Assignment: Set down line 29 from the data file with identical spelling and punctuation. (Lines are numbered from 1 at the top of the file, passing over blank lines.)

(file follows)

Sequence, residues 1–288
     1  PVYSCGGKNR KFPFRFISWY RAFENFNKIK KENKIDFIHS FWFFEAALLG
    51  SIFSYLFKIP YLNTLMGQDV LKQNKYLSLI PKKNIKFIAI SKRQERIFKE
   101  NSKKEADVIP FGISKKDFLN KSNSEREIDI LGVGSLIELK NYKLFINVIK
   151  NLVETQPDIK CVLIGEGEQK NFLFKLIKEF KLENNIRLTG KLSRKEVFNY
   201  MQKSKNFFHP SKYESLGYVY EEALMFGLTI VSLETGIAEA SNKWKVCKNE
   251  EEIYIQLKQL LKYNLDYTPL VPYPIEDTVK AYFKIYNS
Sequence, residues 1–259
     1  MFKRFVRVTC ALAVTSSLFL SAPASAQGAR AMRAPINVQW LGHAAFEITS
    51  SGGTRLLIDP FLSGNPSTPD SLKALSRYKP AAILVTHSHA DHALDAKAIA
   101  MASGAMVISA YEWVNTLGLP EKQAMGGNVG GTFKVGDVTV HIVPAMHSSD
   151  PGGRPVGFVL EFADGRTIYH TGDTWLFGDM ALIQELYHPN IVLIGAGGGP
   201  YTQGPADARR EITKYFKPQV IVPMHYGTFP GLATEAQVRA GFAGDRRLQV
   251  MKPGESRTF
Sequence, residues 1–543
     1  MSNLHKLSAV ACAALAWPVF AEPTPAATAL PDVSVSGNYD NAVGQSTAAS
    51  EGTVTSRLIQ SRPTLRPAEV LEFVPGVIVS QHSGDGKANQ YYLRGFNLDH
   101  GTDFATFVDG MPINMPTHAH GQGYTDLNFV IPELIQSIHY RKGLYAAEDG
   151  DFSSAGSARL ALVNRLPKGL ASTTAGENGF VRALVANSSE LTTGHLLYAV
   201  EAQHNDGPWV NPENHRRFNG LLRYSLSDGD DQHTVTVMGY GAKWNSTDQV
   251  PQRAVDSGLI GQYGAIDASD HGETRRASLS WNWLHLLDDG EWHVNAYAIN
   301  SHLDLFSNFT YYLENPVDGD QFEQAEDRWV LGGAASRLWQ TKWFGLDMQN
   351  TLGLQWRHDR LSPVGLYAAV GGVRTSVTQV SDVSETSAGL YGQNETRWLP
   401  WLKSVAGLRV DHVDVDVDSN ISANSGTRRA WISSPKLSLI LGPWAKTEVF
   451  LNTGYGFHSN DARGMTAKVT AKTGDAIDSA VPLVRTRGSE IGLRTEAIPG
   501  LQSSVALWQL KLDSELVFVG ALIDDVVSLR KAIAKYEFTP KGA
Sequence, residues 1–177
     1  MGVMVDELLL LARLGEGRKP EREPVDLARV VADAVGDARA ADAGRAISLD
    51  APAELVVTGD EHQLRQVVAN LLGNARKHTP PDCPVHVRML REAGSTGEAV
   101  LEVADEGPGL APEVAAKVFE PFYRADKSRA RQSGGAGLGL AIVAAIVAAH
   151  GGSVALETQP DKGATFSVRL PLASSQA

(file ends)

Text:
    51  APAELVVTGD EHQLRQVVAN LLGNARKHTP PDCPVHVRML REAGSTGEAV